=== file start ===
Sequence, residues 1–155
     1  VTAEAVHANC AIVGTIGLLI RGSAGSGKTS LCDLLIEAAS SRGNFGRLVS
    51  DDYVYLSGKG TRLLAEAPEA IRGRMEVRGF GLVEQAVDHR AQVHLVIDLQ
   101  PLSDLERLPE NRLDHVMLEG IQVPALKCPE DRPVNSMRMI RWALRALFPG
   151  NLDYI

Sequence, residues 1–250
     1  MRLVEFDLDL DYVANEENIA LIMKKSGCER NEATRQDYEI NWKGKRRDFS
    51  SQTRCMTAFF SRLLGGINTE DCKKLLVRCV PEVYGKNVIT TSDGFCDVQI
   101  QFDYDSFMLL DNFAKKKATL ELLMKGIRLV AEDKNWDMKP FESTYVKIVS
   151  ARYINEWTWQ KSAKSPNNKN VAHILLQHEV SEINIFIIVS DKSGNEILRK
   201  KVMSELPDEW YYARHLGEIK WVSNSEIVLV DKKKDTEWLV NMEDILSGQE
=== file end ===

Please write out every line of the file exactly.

Sequence, residues 1–155
     1  VTAEAVHANC AIVGTIGLLI RGSAGSGKTS LCDLLIEAAS SRGNFGRLVS
    51  DDYVYLSGKG TRLLAEAPEA IRGRMEVRGF GLVEQAVDHR AQVHLVIDLQ
   101  PLSDLERLPE NRLDHVMLEG IQVPALKCPE DRPVNSMRMI RWALRALFPG
   151  NLDYI

Sequence, residues 1–250
     1  MRLVEFDLDL DYVANEENIA LIMKKSGCER NEATRQDYEI NWKGKRRDFS
    51  SQTRCMTAFF SRLLGGINTE DCKKLLVRCV PEVYGKNVIT TSDGFCDVQI
   101  QFDYDSFMLL DNFAKKKATL ELLMKGIRLV AEDKNWDMKP FESTYVKIVS
   151  ARYINEWTWQ KSAKSPNNKN VAHILLQHEV SEINIFIIVS DKSGNEILRK
   201  KVMSELPDEW YYARHLGEIK WVSNSEIVLV DKKKDTEWLV NMEDILSGQE